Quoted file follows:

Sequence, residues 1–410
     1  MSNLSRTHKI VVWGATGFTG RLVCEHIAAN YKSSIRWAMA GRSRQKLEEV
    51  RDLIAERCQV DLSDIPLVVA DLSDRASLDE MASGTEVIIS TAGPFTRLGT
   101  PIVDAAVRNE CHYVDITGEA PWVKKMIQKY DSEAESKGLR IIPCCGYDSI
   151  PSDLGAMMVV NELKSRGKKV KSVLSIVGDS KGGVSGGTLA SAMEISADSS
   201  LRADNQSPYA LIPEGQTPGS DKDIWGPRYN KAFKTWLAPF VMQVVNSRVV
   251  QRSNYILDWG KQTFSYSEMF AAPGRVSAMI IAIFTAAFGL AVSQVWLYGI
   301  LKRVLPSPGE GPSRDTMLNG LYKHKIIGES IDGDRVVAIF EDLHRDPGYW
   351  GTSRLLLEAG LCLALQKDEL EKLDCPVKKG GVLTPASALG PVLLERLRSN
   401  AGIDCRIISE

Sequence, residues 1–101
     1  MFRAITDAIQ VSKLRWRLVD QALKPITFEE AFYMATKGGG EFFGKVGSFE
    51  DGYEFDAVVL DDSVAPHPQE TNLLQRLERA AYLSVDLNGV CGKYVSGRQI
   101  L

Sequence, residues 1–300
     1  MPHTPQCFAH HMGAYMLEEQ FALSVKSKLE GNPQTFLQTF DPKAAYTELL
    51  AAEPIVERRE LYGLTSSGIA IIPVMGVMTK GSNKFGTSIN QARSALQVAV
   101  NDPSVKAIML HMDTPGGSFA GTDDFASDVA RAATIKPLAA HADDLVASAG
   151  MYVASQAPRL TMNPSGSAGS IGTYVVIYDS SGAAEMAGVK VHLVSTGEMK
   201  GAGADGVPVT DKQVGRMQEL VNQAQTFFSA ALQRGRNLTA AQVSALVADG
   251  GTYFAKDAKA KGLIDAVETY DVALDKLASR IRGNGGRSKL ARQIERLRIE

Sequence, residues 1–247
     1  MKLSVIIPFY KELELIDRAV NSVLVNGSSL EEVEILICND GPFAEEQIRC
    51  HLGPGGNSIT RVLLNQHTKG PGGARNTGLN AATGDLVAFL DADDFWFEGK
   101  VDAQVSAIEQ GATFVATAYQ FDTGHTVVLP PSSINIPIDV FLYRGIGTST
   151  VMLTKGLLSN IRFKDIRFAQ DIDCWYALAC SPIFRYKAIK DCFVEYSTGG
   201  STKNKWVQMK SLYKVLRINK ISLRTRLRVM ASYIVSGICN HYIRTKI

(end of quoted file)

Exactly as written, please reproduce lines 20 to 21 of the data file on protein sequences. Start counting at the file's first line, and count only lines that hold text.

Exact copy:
   201  GAGADGVPVT DKQVGRMQEL VNQAQTFFSA ALQRGRNLTA AQVSALVADG
   251  GTYFAKDAKA KGLIDAVETY DVALDKLASR IRGNGGRSKL ARQIERLRIE